Thursday, June 05, 2008

Nickel and Dimed: Airline Fees to Know Before You Go.

I’ve heard a lot of questions lately regarding the new airline policies for checked luggage. In general, passengers on most airlines can no longer check two pieces of luggage free of charge. In many cases, passengers may check the first bag free of charge, but the second bag costs $25. Prices for additional checked bags also increased dramatically, as did the fees for oversize/overweight bags. It pays to know before you go.

A few airlines have also increased their fees, and/or added new fees, for simple luxuries such as, window and aisle seats, comfortable legroom, over-the phone-bookings, and more. The bottom line is that airlines continue to struggle and they’re trying to nickel and dime their passengers to make up the difference. How much do their CEO’s continue to earn despite our unbalanced transportation system? Sorry, I digress.

The good news is that most international travelers can still check two bags free of charge. Beware though, because if you change airlines in the U.S and have to recheck your bags, then you may have to pay a surcharge for the domestic leg of your journey.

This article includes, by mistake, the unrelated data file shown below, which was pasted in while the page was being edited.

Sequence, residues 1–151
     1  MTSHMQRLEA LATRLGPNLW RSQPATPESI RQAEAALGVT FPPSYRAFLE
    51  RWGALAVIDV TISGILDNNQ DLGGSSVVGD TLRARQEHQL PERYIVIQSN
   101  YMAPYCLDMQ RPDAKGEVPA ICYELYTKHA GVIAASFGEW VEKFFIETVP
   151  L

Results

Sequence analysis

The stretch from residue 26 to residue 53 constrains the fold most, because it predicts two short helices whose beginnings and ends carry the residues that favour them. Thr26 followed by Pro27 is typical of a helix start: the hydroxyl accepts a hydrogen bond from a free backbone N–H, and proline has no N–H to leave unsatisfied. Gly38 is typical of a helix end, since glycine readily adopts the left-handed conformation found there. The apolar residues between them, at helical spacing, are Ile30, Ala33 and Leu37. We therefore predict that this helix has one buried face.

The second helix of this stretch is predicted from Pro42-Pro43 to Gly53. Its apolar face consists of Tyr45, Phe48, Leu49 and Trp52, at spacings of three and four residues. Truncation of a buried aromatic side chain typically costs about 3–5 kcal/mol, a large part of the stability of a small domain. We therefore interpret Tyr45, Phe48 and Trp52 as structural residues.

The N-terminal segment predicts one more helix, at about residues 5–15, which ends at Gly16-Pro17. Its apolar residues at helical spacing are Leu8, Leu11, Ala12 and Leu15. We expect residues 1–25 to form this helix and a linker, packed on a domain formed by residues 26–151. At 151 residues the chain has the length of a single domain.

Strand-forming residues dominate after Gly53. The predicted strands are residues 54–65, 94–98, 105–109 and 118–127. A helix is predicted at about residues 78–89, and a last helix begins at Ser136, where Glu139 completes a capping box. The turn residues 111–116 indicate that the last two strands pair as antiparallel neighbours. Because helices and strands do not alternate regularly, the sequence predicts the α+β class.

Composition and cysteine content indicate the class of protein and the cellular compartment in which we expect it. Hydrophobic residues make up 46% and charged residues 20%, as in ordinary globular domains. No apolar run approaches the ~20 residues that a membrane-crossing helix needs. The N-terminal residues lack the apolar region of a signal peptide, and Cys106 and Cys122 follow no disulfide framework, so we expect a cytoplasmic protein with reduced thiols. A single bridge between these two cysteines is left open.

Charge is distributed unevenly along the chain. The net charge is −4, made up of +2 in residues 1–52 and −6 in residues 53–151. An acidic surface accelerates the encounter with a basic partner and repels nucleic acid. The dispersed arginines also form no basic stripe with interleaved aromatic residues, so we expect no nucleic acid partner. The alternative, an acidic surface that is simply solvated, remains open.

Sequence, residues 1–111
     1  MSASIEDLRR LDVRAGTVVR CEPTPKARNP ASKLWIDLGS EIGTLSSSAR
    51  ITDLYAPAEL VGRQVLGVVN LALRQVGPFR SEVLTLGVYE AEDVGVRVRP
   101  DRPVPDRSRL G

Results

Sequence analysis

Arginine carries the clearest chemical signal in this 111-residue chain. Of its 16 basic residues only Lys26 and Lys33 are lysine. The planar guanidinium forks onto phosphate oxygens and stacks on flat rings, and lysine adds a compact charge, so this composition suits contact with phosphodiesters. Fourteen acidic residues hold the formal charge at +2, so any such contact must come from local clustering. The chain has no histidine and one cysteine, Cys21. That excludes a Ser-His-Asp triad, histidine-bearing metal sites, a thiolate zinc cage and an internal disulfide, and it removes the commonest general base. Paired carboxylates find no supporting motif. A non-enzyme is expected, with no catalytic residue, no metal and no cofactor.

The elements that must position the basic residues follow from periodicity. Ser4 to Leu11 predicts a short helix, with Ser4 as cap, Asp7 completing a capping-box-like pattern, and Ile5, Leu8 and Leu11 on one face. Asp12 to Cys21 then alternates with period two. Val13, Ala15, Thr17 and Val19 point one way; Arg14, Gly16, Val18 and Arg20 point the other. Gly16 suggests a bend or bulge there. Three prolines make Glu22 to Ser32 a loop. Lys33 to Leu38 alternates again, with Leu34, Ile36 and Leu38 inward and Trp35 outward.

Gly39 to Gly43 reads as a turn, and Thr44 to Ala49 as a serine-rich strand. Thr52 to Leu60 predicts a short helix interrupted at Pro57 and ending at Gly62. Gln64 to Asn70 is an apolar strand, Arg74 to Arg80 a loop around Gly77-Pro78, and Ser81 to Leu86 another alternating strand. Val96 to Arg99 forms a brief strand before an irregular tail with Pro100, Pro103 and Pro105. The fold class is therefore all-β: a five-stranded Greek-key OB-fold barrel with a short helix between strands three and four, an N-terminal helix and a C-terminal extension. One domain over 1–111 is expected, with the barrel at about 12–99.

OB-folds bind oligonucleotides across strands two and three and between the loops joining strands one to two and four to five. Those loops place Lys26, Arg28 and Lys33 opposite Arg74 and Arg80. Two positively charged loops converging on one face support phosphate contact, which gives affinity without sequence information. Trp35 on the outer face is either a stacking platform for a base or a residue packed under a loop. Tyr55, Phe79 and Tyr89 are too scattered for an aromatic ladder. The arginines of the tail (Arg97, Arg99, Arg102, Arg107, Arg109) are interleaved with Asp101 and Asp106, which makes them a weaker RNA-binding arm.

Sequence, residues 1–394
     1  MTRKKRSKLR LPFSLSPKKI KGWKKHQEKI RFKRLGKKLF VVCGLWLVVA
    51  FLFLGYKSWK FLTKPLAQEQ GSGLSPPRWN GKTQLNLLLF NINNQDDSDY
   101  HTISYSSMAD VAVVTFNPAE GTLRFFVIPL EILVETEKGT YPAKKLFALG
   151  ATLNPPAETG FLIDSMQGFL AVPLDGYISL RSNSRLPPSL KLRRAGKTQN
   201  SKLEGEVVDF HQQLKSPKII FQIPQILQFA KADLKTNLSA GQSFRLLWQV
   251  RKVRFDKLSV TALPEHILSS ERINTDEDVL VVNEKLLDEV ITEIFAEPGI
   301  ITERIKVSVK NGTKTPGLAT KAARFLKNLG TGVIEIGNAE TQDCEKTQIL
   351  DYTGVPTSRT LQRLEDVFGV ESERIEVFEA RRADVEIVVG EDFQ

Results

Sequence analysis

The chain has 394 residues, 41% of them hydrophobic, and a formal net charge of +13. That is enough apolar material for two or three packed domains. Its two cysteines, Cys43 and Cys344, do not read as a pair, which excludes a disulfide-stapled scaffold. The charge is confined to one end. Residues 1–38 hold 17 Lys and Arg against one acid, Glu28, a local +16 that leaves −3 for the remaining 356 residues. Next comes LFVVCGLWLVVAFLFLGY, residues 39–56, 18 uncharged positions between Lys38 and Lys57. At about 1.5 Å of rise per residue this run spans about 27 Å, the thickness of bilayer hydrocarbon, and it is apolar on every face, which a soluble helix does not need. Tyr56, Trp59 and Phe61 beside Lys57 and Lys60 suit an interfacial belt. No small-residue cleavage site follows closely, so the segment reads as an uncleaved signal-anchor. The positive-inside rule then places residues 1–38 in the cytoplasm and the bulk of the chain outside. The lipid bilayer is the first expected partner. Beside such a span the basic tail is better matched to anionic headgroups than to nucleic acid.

Personally, I recommend that international travelers fly with one bag anyway. I also hope that these new policies cut down on the amount of baggage that flows daily through our airports. It’s better for everybody from many perspectives.

Just look at the photo from last year's Dolomites Trek. This group actually traveled relatively light with only one bag per person.



The light way is the right way in my book, though skis and snowboards will always be a challenge worth paying a little extra for.

The other good news is that this fee does not apply to all people on all flights. While policies vary, the charge is generally limited to passengers sitting in economy class seats on flights in North America. The policies also tend to exclude elite members of frequent flier programs, and they do not apply to anyone flying in business or first class.

The policy change first started with U.S. Airways, but then quickly spread to American Airlines, Continental, Delta, Northwest, and United. Several smaller carriers also enacted similar policies including, Air Canada, Alaska Air, Air Tran and JetBlue.

The following Travelocity FAQ lists the most current changes to airline policy. You can go straight from their page to the carrier’s website, (Or click on one of our links above). Give them a look if you’re in doubt. It just might pay to double-check your particular airline before heading out the door.

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